YouTube is the only game in town because it is widely considered to be a money pit for Alphabet, its evil owner; after losing billions of dollars a year for a decade, Alphabet now claims YouTube is profitable, but it doesn’t disclose exactly how, and it merges YouTube revenue with other enterprises in its reporting. The clued-in crowd on the Internet thinks that Alphabet subsidizes YouTube for two reasons:
0. To have monopoly power in the online advertising space;
1. For reasons of social and societal control.
YouTube is well-known for the ferocity with which they “demonetize”, even mildly conservative political outlets, but it’s more than that; the company’s crusade against “gun vloggers” is so jihad-esque that it’s swept up airgun and airsoft channels in its wake. (Demonetization, for those of you who don’t know, means that YouTube keeps showing ads on your stuff, but they keep the money instead of giving you a cut.) Imagine having your airsoft channel defunded because of “concerns about violence”. You can get shot directly in the face with an airsoft and not die. I know it because my son has shot me in the face with his airsoft gun. Twice.
Your humble author believes, and has told everyone who will listen, that cars are next on YouTube’s list. Nearly every entity that attempts to regulate guns (or tobacco) eventually gets around to the regulation of cars. When the car channels are demonetized, there will be a lot of HUGELY SURPRISED PEOPLE out there. Don’t be. You’ve been warned, right here.
In any event, Alphabet is willing to put a nine-figure sum behind YouTube just to retain control of the situation. This is not the type of behavior typically associated with Good People, although those of us who can even remember Google’s famous “Don’t Be Evil” slogan are now a vanishing breed.
(A brief aside: In retrospect, it was mind-numbingly naive of those of us in the Free Software and Open Source communities to ever support or even tolerate Google. Our sworn enemy, Microsoft, was a crummy company filled with crummy people but its primary goal, that of controlling and profiting from computer operating-system software, seems very tame now compared to the ways in which “Alphabet” openly manipulates everything from public opinion to American elections.)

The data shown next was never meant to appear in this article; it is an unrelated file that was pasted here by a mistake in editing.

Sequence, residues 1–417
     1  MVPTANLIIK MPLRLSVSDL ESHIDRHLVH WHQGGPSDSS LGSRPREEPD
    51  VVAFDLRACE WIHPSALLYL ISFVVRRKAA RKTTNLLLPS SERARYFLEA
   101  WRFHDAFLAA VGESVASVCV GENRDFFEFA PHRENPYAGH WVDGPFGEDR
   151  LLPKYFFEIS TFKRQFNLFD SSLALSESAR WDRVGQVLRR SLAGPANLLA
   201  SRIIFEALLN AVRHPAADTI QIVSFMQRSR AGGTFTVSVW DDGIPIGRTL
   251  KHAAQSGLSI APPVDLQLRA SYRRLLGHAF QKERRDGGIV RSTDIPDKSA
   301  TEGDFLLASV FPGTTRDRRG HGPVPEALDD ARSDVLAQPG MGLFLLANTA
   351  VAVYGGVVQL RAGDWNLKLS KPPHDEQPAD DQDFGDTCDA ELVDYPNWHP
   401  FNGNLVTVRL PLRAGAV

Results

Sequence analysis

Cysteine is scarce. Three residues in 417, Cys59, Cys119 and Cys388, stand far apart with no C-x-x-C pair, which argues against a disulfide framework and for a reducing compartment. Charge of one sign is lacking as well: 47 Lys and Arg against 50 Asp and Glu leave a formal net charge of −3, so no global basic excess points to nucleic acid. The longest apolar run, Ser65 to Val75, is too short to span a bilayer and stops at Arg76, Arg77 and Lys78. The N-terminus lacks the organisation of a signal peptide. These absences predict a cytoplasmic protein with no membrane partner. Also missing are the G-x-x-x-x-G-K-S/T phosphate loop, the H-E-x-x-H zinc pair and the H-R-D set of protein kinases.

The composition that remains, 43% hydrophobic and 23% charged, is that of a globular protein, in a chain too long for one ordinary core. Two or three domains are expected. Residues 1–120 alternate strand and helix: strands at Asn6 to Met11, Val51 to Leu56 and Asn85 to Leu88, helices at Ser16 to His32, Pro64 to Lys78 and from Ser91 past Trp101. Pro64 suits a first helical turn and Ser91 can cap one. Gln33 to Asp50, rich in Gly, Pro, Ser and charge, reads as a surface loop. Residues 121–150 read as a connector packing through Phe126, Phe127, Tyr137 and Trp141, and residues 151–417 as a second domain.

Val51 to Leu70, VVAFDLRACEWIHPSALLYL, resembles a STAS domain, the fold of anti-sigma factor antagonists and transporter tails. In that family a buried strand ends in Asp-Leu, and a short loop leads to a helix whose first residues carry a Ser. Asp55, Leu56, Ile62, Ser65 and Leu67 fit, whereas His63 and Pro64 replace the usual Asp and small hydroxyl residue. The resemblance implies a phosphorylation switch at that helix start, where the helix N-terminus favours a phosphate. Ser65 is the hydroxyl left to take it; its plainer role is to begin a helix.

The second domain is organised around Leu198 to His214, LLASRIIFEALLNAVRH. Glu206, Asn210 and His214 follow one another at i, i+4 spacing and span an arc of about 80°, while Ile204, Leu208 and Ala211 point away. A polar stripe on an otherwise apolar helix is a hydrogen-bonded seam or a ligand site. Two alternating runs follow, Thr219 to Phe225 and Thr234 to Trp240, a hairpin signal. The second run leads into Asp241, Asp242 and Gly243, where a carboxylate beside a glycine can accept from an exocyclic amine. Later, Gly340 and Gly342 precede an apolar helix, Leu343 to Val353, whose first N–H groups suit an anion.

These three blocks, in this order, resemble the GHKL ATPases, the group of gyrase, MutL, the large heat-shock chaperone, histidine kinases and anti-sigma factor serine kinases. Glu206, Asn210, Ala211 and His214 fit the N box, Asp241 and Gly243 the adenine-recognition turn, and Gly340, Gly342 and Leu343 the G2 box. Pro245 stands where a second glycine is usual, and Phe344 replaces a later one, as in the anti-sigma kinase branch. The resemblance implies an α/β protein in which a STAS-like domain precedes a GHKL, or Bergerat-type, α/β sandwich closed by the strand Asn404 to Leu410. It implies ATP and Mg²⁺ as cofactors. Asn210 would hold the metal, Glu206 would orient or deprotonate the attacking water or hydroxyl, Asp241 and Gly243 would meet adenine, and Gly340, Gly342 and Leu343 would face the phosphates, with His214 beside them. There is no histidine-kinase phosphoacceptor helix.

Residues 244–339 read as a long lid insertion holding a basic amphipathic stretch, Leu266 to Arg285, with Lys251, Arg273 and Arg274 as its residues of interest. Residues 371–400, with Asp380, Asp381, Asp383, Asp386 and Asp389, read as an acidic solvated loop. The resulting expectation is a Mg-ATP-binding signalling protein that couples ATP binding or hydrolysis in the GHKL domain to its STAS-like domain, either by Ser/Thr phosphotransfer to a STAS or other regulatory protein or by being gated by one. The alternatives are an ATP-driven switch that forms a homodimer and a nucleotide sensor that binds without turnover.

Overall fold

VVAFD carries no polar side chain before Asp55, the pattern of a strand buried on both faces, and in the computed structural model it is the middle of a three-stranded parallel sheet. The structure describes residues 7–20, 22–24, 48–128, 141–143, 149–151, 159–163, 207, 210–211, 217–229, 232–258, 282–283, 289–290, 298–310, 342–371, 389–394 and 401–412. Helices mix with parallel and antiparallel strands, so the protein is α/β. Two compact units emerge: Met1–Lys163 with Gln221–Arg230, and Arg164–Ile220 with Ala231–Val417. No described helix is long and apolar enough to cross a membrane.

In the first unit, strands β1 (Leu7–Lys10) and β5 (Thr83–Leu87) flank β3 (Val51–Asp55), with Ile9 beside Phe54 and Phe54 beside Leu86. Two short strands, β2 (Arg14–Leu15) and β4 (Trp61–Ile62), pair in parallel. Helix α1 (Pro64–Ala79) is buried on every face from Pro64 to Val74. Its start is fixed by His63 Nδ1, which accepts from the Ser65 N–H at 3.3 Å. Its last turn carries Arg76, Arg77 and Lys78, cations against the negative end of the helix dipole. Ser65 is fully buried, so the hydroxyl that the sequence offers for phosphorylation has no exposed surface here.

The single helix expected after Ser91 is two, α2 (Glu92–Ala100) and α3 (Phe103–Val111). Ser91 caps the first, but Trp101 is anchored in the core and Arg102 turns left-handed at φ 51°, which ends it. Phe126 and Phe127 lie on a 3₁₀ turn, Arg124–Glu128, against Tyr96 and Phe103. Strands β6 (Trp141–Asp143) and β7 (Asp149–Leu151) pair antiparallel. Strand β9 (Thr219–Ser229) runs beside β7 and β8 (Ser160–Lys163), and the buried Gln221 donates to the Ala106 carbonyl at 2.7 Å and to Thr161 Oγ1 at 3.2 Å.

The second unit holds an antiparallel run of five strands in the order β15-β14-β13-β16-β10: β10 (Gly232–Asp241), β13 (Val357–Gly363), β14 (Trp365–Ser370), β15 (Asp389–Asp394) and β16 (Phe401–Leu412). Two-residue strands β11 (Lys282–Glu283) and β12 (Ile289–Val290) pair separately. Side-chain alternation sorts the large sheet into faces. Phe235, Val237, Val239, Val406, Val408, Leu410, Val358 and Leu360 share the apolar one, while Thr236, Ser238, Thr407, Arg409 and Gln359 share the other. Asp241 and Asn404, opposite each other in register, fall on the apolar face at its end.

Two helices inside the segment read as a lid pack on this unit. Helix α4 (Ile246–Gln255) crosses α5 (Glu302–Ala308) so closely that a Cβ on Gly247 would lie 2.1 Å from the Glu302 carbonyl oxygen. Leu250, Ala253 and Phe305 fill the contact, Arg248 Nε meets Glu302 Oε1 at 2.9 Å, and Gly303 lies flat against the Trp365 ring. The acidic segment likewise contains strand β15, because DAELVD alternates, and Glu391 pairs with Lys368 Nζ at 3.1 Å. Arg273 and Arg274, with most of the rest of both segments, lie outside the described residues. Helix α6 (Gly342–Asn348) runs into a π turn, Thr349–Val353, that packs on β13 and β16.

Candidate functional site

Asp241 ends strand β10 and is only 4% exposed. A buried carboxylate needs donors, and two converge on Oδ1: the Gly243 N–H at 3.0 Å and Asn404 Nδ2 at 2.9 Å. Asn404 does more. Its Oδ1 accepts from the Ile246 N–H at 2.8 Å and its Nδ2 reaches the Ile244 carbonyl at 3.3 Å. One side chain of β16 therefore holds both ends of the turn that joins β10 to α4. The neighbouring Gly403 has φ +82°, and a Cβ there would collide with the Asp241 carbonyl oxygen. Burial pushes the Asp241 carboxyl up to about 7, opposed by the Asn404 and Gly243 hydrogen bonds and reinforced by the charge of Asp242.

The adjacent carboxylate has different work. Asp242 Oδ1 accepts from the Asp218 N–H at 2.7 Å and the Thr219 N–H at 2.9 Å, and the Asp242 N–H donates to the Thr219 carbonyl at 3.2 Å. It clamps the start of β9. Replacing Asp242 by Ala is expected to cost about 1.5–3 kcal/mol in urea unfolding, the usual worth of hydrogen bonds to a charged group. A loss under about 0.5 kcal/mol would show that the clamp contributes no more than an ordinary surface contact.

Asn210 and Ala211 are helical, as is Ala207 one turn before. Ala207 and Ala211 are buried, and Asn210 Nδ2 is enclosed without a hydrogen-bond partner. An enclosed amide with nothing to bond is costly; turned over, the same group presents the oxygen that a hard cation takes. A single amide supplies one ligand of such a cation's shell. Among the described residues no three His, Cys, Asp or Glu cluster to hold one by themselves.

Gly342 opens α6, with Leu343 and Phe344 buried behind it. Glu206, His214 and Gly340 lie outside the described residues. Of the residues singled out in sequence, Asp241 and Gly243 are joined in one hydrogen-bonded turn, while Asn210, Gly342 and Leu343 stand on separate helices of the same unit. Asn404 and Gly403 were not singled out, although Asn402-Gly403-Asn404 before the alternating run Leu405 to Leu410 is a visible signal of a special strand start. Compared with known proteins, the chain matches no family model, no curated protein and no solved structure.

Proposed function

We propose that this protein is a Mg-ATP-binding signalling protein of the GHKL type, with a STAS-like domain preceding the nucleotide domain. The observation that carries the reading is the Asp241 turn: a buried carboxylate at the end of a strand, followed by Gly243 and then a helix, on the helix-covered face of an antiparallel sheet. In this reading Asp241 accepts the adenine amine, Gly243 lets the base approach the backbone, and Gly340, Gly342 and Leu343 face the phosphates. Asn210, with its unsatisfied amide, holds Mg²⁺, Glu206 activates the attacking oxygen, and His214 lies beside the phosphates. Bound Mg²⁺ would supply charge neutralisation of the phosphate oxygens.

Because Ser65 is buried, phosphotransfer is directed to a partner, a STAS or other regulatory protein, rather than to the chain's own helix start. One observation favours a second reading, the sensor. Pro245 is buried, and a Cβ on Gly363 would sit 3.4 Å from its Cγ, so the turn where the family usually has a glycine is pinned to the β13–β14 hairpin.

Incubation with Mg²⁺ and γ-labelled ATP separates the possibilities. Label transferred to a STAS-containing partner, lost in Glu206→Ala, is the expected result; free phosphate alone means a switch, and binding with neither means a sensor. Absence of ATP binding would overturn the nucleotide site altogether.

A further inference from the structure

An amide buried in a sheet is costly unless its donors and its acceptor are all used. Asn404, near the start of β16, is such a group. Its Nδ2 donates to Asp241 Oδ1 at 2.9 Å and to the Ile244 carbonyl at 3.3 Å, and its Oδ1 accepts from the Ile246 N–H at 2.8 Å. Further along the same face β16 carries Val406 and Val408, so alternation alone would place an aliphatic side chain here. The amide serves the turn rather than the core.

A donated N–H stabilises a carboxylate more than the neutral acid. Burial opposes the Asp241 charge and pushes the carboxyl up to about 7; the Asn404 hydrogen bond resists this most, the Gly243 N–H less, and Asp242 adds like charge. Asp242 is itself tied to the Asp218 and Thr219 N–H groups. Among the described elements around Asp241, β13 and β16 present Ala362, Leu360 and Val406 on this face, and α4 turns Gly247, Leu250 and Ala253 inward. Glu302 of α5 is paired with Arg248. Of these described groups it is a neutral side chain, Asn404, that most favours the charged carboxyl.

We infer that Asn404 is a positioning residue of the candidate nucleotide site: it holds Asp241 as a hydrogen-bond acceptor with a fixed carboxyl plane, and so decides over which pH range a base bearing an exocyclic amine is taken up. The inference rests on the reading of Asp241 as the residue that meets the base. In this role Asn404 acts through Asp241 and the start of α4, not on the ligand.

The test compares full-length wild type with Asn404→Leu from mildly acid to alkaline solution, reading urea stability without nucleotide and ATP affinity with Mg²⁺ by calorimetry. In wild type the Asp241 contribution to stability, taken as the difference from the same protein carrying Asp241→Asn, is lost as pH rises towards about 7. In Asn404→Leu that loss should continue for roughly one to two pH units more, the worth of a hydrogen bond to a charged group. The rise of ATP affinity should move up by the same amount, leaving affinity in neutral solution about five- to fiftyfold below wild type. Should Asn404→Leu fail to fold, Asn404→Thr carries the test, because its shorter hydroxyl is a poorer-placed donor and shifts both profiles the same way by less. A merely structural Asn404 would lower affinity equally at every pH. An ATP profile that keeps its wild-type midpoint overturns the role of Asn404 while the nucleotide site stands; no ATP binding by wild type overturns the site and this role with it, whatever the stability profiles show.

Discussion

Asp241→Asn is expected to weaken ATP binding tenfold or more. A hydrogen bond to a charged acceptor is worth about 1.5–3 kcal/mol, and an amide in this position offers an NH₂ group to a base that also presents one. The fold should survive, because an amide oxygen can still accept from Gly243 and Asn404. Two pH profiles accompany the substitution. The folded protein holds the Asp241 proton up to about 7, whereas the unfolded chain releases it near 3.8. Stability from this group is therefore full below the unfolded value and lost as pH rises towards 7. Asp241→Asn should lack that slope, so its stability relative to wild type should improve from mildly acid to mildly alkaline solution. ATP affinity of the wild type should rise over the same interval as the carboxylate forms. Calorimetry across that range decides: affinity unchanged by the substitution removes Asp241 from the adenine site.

What do YouTube’s transfer payments from bewildered advertisers to Mr. Beast have in common with Mr. Beast’s “virtual restaurant” idea? In both cases, modern computing technology is used to obscure the reality of a situation, at a non-zero human cost. Alphabet is a massive parasite with its proboscis embedded deeply in the carotid artery of nearly every American business. You’d be a fool not to advertise with Google (and its equally equal rival, Facebook) because without them you’ll lose much of your audience — but the tech companies can charge you whatever they want and give you whatever they want, shielded by an algorithm. The days of advertising being “buying a billboard and being able to drive by it in order to check the value you’ve gotten for money” are long gone.
Similarly, the Mr. Beast Burger restaurant is an expensive, parasitical idea laid on top of existing restaurants and their employees, none of whom had any idea that they were about to go from working in a fine-ish-dining Italian kitchen to a fast-food takeout burger joint, literally overnight. But what are they going to do? Find another place to work in December of 2020? If they do, they’ll just be replaced, because the official opinion of today’s managerial and executive class is that only the software matters. In this modern paradigm, all you have to do is get the app right and the messy, unpleasant people/facilities/work beneath the app will just happen by magic.
We’ve tried this as a society before, most notably in the AT&T breakup and utility “degregulation” of the Eighties and Nineties. In both cases, the assumption was that the oily Morlock bits of telephone switches, power plants, transmission lines, and whatnot would just work while all the real effort and energy went into finding new ways to sell and manage the command infrastructure above them. That’s how you got the Grandma Millie Enron call and today’s “new normal” of rolling brownouts or whatever’s happening in California. It’s a calculated strategy of not giving a shit about how things actually work, secure in the belief that you can distort reality enough in the short run to make your millions and get out.
Our world is increasingly a world of abstractions laid one on top of another until the reality of the situation on the ground is completely obscure. In some areas, like modern computing, you just throw processing power at the stupid idea (Kubernetes, anyone?) until it creaks along anyway, kind of like how you can make a 5,000-pound SUV fast and agile if you throw $60k of driveline and suspension at it a la Durango Hellcat. In other areas, like restaurants or utilities or phone service, you can’t really do that. Thus, a 100-minute wait for a cold hamburger.
It’s the Western equivalent of chabuduo, perhaps made worse because it provides even more incentives to the wrong people. It can’t last forever; eventually the power will literally go out and people will discover the importance of paying attention to the basics. In the meantime, there will be a lot of YouTube algorithms, a lot of abstraction layers, a lot of chilly forty-dollar hamburgers. If I have to explain it any further, you won’t get it.
This week, for Hagerty, I reviewed the mighty G90. Some people think it’s a true-from-the-ground-up luxury sedan with no compromises, while others think it’s Korean junk. I also released a new What If, this one being a joy both to commission and write!